Back in the day, I spent my free time making all natural bath and beauty products. My research into natural ingredients, their function and what I could make with them was ongoing and extensive (still is). At the time, my husband and I lived in England, and the people there loved my creations (I even did home shows- like Pampered Chef or Mary Kay, with my products!). We moved back to the states, and maybe it was our location, but the whole all-natural thing didn't really make it there. I'm hoping to get back into it (still have my recipe book handy), as the world seems to be getting back to nature.
Today I wanted to share my weekly facial routine. I try and do this once a week, though the ingredients are mild enough to do more than once a week (but for the sake of the natural oil production of your skin, I don't recommend more than twice a week).
The recipes below are mostly for damaged or acned skin. My skin is normally combination- dry at the cheeks, oily T zone (forehead, down nose to chin), but I do have break outs once a month (yeah, I hate being a woman sometimes). (And please note that my recipes are estimates- they are homemade, so you pretty much just add stuff as you see fit.)
Chamomile Mint Facial Steam
I use the actual herbs, but chamomile tea and peppermint tea work just as well. I boil a pot of water, add the herbs (about 1/2 cup of each herb, or 2 tea bags of each tea), and pour into a large bowl. Keep your face about 9-12 inches from the bowl as you steam, to avoid burning the skin. It's easiest to drape a towel over your head, too, to keep the steam trapped. I steam for about 15 minutes, taking a break every 5 minutes for a breath of fresh air.
Chamomile is good for irritated skin, peppermint for tired skin. Other ingredients you can use are sage or thyme for acne skin, lemon and citrus fruits for oily skin, lavender for stressed skin.
After I'm done steaming, I let my face air dry- no towel. When my face is somewhat tacky with moisture still, I apply my facial mask.
Strawberry Honey Facial Mask (good for one application)
The strawberries (or other fruits such as citrus fruits, blackberries, apples, tomatoes, peaches and grapes) contain fruit acids that help exfoliate the skin, bringing to the surface a new, healthy, youthful layer. Modern companies have taken fruit acids and chemicalized them into Alpha Hydroxy Acids (the main ingredient in many anti-aging serums out there). Why use chemicals when the exact thing is in your house?? Because of the strawberries, or fruit acid, in your mask, you will find it tingles just like a chemical facial mask. It's pretty amazing. Of course, if you are allergic to a certain fruit, do not use that fruit in your mask.
The honey in the mask is great for all skin types, and adds subtle moisture and rejuvenation to the skin. It helps repair damaged skin, and can be used as often as you'd like because it's so gentle.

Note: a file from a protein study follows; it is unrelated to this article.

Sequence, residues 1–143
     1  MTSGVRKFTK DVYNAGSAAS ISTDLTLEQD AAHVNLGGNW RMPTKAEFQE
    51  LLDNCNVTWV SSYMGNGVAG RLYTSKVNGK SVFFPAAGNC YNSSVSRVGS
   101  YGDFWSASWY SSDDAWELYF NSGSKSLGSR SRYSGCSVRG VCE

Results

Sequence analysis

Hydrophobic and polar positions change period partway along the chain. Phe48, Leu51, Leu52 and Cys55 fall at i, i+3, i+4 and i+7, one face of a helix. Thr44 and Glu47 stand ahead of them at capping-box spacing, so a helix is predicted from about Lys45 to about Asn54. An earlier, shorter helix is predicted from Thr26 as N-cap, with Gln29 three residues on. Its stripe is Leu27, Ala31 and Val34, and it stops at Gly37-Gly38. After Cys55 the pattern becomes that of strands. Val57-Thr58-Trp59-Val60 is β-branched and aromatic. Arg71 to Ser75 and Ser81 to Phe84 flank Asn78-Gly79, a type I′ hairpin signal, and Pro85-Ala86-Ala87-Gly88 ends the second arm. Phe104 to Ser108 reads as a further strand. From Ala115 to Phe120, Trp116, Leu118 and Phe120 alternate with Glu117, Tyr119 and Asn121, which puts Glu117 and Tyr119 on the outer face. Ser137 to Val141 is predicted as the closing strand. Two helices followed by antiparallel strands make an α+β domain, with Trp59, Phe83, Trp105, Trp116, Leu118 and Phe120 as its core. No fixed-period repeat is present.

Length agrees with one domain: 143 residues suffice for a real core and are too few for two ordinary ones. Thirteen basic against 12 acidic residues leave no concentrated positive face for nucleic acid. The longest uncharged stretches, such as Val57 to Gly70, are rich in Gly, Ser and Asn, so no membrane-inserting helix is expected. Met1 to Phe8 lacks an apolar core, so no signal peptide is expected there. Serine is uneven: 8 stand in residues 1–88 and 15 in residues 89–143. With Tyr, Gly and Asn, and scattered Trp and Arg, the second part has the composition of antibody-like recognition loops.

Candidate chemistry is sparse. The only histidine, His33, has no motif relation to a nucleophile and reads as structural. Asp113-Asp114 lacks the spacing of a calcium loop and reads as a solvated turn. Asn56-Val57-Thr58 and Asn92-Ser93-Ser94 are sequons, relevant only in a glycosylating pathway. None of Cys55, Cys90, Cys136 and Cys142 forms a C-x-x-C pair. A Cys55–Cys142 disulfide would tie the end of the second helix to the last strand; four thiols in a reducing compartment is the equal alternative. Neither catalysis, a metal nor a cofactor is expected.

The apple cider vinegar is best for acned or oily skin. If you find the apple cider vinegar to be too strong, you can always use milk, yogurt, oil or water (all better for dry skin), or witch hazel, or citrus juice (better for oily or acned skin).
So, you've removed the mask with warm water, patted your face dry with a towel. My next step is a toner. I use witch hazel with a drop of tea tree oil (saturate a cotton ball with the witch hazel and place a drop of tea tree oil on the cotton ball). Tea tree oil is great for acned skin- usually clears it up faster than those $20 kits you buy off TV. Now, the witch hazel you buy for cheap at the grocery store does contain alcohol, which can dry your skin out. So keep that in mind if you already have dry skin. Rub the cotton ball over face, making sure to hit the T-zone.
After the toner comes a moisturizer. For the moment I just apply an extremely thin layer of jojoba oil to my face to round out my weekly facial routine. Oils such as olive, avocado, grapeseed and almond are great for the skin, especially damaged/aging skin. But, not everyone's skin can handle oil being placed on it (even in the extremely small amount that I use). Shea butter and cocoa butter make great moisturizers, too, but usually need to be heated and blended with other more liquid items to be used. I'll expand upon making all natural creams and lotions another day.
Definitely worth a try, and I've given you alternatives above to suit your skin type. So get into the kitchen, start experimenting, and see how amazing you can make yourself feel and look for only $1.00!!
If you have any questions about all natural ingredients or substitutes for ingredients above, please comment below and I'll answer them as best I can!
*All pictures courtesy of Microsoft Clip Art